The goal of any website is, ultimately, to persuade your visitors to convert into paying customers or clients. If you’ve been having a difficult time turning website traffic into qualified leads and acquiring more clients, there’s a chance your bounce rate is too high.
If you’ve been searching for ways to improve your bounce rate, you’ve come to the right place.
Your bounce rate refers to the percentage of visitors who enter your website and leave it without continuing to browse through other pages on your site.
Bounce rates are an important metric to track because they provide valuable insight into what pages on your site are most beneficial to your users. Pages that you thought were important may have a high bounce rate which means you should reconsider the layout, formatting, or content on your website.
There isn’t a hard-and-fast rule about what is considered to be a good bounce rate. Companies generally aim for a bounce rate of less than 40 percent. Bounce rates north of 55-65 percent mean your website could be improved significantly.
“Good” bounce rates depend on many factors such as the type of website it is, the industry, your business goals, and so many other moving parts.
Finding a team that will work with your individual business needs can help set your company up for success. Work with your web developer to consider some of the following common ways to improve your bounce rate.
Simply put, the faster your website loads, the better your bounce rate will be. Improve your Google page speed in a variety of ways; reduce redirects, leverage browser caching, optimize images, and many more.
Cumulative layout shift (CCL) is a metric tracking your website’s visual stability – it refers to unexpected layout shifts that disrupt the user’s experience. Strive to have a CCL score of less than 0.1 to keep a positive user experience that can help improve your bounce rate. If necessary, work with your web developer on how to fix the CCL on your website.
The largest contentful paint (LCP) measures the point during the page load timeline that pinpoints the time it took for the page’s main content to load. A fast LCP helps convince users that the content is useful despite not all of it loading.
The world is more on the go than ever. Mobile bounce rates used to be around 60 percent but as more sites become mobile-friendly, their bounce rates are improving.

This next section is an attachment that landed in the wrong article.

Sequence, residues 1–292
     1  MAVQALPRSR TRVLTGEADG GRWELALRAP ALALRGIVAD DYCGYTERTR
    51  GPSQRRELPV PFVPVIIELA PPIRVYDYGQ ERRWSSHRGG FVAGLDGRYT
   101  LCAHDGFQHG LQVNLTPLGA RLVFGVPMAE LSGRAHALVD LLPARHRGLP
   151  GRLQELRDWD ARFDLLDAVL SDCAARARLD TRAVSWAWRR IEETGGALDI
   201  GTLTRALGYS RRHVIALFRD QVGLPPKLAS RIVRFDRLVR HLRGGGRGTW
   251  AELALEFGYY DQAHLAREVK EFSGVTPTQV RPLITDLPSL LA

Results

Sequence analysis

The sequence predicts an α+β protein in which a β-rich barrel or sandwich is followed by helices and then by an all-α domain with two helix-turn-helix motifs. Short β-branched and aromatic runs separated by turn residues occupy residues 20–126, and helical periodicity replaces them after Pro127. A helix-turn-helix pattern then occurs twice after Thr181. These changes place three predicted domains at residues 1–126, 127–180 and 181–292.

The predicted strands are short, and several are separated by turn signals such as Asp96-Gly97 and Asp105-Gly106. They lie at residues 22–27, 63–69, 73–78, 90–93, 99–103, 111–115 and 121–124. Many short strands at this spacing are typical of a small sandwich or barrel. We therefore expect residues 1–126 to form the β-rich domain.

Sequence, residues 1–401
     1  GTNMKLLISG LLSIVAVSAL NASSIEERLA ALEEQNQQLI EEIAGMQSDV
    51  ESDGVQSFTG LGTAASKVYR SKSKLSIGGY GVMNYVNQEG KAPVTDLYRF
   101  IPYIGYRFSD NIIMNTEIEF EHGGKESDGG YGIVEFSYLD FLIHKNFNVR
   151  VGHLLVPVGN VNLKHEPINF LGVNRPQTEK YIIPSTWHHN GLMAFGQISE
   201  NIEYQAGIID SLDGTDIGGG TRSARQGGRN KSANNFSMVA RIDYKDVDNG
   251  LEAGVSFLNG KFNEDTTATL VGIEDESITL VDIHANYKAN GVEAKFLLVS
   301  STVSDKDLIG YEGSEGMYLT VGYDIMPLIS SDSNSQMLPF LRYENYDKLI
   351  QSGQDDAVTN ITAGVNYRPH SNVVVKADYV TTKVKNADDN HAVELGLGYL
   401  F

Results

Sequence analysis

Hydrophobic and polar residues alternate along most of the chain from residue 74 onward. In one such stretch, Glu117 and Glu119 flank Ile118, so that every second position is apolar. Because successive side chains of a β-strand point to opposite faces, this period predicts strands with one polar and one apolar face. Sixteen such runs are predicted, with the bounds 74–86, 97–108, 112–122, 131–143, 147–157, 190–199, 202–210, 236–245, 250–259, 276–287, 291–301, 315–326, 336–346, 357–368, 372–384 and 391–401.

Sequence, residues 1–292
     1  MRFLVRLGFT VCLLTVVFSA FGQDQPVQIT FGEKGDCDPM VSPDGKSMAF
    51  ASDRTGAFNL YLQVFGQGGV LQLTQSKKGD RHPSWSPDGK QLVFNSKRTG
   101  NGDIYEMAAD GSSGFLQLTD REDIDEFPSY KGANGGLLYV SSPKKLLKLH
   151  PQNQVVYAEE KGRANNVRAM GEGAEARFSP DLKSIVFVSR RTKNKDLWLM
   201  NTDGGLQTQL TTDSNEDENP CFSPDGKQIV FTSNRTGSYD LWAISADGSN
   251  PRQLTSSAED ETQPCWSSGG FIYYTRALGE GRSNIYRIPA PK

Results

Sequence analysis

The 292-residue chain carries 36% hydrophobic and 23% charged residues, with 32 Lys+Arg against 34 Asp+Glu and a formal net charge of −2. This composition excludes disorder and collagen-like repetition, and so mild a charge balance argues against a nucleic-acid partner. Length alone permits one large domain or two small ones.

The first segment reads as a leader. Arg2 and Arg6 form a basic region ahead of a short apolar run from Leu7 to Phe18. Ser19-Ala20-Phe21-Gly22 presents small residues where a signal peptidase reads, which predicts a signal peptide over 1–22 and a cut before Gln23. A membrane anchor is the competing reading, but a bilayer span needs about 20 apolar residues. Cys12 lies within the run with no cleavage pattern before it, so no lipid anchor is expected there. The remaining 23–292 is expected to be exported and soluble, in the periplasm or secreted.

Keep all website content easy for the reader to digest. Short, simple sentences and the proper formatting hierarchy can help you improve user experience and improve the bounce rate.
Your blog should be an updated, timely resource for your customers. Keep all blog information updated and accurate and be mindful that quality blog content will help answer a question for the reader.
The easiest, most straightforward part of your website should be the contact form. Make it simple for users to get in touch with you via your website.
Additions such as relevant videos and personable photos can bring value to your website and increase the chances of conversion.
There are a variety of strategies that you can implement into your web design to help reduce bounce rate, but nearly all of them revolve around high-quality website content.
Creating a content strategy and working with an editorial manager can help gradually increase the amount of time a user spends on your site. Consistently being mindful of your bounce rate and taking strides to improve it will go a long way in improving your ROI.
If you’d like assistance in evaluating your current website content and developing a sound strategy on how to reduce your bounce rate, lean on us at Comrade. With years of experience helping to optimize websites and boost conversions, your team is in great hands.
Give us a call or reach out to us online today for a free marketing audit.
As usual, the excellent bounce rate is considered to be in the range of 25 to 40 percent. If your bounce rate is between 41 and 55 percent, it's roughly average. 56 to 70 percent is above average, although it still may be a decent figure, depending on what your website is about. If the bounce rate is higher than 70 percent, that's when you should start thinking about improving your website design and user experience.
Bounce rate is not one of many of Google's ranking factors directly affecting your search results visibility. However, a high bounce rate is usually a sign that your website has a poor design, user experience, low-quality content, no mobile version, etc. And that's exactly what your rankings depend on.
The formula to calculate your website bounce rate is quite straightforward. It can be summed up in a simple equation: the number of visitors leaving your website without any interactions after only visiting a single page (the one they landed on) divided by the overall number of visitors to your site.
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